Distribution of neck circumference percentiles and their relationship with anthropometric measurements in children
Objective: To determine the relationship between neck circumference and anthropometric variables; to compare this circumference with percentile values proposed in 2021.
Materials and methods: Cross-sectional, analytical study in a sample of 392 schoolchildren between 6 and 12 years of age, residents of Obregon City, Sonora, Mexico. Pearson correlations were performed; and the neck circumference data of 331 children were contrasted with the reference percentiles of a study carried out in central Mexico.
Results: 44.64% were found to be normal weight, 14.29% underweight, 22.19% overweight and 18.88% obese. The mean neck circumference was 27.36±2.80 in girls and 28.44±2.78 in boys. In the subanalysis, neck circumference was higher in boy’s vs girls (28.04±2.62 vs 26.89±2.54). Twenty-one.91% of girls and 20.92% of boys were above the 97th percentile reference percentile, and at the 25th percentile was 19.66% of girls and 18.15% of boys. No girls were detected in the 3rd, 85th, 95th, and 97th percentiles; and in boys in the 3rd and 97th percentiles. Neck circumference was correlated with all anthropometric measurements (hip circumference, weight, waist circumference, BMI, CTI, and height).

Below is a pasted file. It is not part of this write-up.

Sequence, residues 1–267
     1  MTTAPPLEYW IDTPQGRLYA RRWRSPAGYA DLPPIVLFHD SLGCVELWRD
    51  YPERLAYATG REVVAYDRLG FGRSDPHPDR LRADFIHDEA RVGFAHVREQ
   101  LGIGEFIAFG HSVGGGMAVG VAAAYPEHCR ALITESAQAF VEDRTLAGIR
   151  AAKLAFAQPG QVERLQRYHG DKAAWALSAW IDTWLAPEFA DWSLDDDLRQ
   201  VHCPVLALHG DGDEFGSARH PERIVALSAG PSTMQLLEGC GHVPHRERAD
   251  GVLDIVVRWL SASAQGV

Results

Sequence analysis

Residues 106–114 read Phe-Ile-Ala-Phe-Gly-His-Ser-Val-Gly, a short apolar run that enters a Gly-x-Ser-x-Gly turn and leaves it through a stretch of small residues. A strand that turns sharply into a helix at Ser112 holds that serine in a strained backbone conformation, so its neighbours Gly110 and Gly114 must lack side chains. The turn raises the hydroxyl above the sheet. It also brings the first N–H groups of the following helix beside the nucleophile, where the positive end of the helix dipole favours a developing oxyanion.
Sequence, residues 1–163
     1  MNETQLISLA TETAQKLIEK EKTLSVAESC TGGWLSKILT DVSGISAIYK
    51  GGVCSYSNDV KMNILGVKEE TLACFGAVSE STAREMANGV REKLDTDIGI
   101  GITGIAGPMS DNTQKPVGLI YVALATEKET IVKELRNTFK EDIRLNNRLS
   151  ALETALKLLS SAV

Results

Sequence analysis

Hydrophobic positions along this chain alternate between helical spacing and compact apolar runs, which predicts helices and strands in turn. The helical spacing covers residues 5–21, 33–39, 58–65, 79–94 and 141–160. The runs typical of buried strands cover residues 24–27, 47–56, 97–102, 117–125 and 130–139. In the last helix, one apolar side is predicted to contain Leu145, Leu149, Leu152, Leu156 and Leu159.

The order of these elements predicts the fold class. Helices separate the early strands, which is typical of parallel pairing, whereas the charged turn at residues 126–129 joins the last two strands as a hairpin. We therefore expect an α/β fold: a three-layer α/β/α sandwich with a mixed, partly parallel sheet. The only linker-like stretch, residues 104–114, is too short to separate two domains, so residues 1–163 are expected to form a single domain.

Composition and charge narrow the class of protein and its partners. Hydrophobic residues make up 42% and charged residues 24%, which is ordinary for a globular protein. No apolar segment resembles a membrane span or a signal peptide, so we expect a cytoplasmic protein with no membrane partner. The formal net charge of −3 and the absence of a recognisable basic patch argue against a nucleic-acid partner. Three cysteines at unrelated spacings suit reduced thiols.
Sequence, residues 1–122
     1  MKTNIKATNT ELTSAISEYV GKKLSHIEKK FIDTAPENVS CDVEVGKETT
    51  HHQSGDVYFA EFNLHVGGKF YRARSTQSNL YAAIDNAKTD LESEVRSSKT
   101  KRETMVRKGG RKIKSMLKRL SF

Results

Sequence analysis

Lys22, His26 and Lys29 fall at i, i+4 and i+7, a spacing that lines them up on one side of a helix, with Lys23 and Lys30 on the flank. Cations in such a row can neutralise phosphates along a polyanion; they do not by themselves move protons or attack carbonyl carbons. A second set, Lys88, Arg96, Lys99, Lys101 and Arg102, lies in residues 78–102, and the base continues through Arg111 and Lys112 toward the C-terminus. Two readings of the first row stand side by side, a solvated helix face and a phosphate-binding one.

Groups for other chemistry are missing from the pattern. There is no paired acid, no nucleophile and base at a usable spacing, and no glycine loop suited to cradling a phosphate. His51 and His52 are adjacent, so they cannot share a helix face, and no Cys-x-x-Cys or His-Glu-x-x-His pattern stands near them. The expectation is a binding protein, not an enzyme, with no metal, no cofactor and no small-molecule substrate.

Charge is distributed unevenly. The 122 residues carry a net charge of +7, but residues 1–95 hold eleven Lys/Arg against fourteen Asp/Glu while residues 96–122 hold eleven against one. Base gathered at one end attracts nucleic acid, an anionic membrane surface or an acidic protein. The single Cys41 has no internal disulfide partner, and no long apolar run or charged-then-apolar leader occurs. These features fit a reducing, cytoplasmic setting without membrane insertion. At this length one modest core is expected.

Conclusions: Neck circumference is related to BMI; therefore, it could be a secondary indicator of overweight or obesity.
Keywords: Neck; Body Mass Index; Obesity; Children.
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